Congratulations: Ekaterina Shapiro-Obermair, Jennifer Ndidi Iroh and Katarzyna Winieck awarded for their thesis
The Award for Scientific Works 2021/22 is awarded to Ekaterina Shapiro-Obermair for her dissertation (IKW). The Honorary Awards go to Jennifer Ndidi Iroh for her Master thesis (IKW) and to Katarzyna Winiecka for her Diploma thesis (IKL).
Performing History. Public commemorations on the Second World War in Post-Soviet Space, Using the Ukrainian City of Lviv as an Example
The PhD project engages with commemorative assemblies in memory of events linked to the Second World War, which were held in the urban space of the western Ukrainian city of Lviv in 2016 and 2017. These are both ritualized ceremonies held annually on dates of historical or symbolic relevance, as well as spontaneous demonstrations or political activism. In the work, these events are understood as a condensed form of communication in which historical images are expressed and political demands are made. The field research took place mainly in cooperation with the historian Alexandra Wachter as part of the interdisciplinary project “Lviv. War Museum”. In light of the escalation of Russia's war against Ukraine in February 2022, the insights gained have taken on a wider/another poignant meaning.
The Jury’s statement:
Ekaterina Shapiro-Obermair's dissertation "Performing History. Public commemorations on the Second World War in Post-Soviet Space, Using the Ukrainian City of Lviv as an Example" convinced the jury with her extremely differentiated and at the same time concise approach to an absolutely actual subject. The work, which is methodologically excellent based on interviews, offers a well-founded theoretical examination of this comprehensive and complex topic.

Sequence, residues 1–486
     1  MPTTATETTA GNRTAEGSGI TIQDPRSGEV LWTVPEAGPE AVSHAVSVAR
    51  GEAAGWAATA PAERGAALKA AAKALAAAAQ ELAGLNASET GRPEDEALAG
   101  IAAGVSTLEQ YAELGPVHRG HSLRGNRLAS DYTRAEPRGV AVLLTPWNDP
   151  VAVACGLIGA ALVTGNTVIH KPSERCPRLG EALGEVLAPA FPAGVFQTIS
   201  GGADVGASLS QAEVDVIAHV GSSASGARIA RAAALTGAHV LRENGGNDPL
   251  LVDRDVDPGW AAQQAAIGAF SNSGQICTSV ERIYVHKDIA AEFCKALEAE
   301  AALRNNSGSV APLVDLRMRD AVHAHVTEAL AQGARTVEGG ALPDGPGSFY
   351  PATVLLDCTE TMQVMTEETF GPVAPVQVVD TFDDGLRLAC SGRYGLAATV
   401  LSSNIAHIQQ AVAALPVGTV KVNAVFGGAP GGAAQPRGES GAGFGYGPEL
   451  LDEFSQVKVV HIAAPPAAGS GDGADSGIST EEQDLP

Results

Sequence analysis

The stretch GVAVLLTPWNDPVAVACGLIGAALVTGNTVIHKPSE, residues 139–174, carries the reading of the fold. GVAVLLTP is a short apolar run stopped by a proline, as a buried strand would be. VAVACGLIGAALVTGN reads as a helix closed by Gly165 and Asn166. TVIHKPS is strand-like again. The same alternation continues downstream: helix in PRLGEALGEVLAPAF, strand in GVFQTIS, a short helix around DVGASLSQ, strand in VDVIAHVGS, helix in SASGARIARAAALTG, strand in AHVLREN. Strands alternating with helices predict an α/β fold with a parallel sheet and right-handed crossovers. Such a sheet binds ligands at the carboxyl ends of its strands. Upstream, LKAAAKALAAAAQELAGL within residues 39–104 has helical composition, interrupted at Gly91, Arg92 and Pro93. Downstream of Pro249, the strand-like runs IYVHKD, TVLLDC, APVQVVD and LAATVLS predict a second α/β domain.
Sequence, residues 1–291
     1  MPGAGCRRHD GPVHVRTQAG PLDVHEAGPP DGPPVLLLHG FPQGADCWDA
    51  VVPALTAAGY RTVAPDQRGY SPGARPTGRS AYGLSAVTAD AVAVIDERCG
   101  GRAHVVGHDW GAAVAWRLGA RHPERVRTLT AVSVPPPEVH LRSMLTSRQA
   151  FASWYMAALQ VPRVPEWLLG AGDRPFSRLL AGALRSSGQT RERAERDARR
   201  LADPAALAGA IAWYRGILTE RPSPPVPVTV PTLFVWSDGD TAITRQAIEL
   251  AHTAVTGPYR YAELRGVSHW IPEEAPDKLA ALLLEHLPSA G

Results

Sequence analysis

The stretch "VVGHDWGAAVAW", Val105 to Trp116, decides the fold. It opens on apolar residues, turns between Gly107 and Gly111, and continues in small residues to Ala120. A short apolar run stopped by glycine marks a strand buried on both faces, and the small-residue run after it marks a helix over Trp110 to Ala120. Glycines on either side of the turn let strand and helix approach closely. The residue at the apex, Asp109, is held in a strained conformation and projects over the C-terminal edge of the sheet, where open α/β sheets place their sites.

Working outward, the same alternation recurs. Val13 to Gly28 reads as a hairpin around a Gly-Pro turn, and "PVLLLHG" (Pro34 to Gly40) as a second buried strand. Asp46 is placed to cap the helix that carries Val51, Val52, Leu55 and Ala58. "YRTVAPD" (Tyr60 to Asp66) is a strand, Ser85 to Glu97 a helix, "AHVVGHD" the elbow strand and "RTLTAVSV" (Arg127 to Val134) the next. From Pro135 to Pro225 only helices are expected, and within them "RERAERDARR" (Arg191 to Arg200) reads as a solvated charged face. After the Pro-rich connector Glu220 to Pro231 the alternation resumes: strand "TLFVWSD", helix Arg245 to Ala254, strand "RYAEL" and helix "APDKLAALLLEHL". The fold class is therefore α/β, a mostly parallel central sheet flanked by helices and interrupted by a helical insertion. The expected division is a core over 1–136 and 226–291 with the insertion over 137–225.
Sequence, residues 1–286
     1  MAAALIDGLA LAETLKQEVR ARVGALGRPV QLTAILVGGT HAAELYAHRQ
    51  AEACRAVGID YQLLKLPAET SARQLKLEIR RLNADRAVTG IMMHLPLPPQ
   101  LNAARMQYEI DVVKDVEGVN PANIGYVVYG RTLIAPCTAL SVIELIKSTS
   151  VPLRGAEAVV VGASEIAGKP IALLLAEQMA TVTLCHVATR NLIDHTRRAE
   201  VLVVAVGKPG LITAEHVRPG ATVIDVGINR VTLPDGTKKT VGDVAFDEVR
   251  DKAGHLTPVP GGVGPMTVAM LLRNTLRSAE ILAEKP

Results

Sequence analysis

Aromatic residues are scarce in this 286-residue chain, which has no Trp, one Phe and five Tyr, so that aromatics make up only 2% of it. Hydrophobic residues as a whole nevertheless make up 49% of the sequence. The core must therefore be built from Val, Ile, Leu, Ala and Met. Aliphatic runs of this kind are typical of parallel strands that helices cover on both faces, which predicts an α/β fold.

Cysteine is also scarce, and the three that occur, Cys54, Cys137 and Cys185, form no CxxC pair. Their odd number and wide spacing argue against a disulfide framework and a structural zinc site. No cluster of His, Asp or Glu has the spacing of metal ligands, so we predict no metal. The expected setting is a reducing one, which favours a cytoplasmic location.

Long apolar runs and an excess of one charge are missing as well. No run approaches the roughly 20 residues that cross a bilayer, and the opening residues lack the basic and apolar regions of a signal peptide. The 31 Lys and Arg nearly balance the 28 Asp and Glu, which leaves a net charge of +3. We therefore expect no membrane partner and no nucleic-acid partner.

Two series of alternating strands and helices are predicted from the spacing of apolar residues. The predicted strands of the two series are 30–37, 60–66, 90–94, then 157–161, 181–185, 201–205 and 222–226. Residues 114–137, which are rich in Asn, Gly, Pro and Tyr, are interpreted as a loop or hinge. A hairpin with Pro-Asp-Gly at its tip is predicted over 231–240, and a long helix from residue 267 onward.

The significance but also the political instrumentalization of memorial days, gatherings and places of remembrance is clearly elaborated, especially by comparing the Ukrainian and Russian or Soviet Holocaust remembrance. The work, completed at the IKW, impressively discusses how remembrance depends on the time of remembrance and on the socio-political context and how it becomes socially effective.
Unmaking the Smuggler Narrative. Grenzverschiebungen durch Aktivismus, Kunst und Forschung in den hegemonialen Schleppereidiskurs am Beispiel der Interventionen von Fluchthilfe & Du [Shifting boundaries through activism, art and research into the hegemonic discourse of smuggling on the example of Fluchthilfe & Du and their interventions]
This thesis illustrates how territorial, social and also legal borders are sites of permanent contestation and transgression. Starting from the criminalization of refugee activists of the Refugee Protest Camp Vienna under the criminal charge of "commercial smuggling within the framework of a criminal organization", the impact of victimizing, criminalizing and heroizing discourses on refugee*migrant subjectivities is discussed. As a methodological tool, a triangle is designed that encompasses the reciprocal relations of the three figures victim, perpetrator and heroine in the discursive as well as linguistic field of “Fluchthilfe” [escape aid] and human smuggling. Using activism, art, and intersectional research approaches, the project will present ways to break down the hegemonic victimization of refugees, the heroization of humanitarian, unpaid escape aid, and the racialized and gendered demonization of paid human smuggling. Fluchthilfe & Du corresponds with the theoretical part of the work and is discussed as a possibility to elaborate a collaborative and solidary practice of knowledge production and mediation within the art field.
The Jury’s statement:
Katarzyna Winiecka deals in her Diploma thesis "Unmaking the Smuggler Narrative" (IKL) with an up-to-date topic that she discusses from theoretical, artistic and activism-reflective perspectives. She combines a well-founded theoretical discourse with her own artistic-activist positions and uses a clear and powerful language which makes “Unmaking the Smuggler Narrative” extremely worth reading.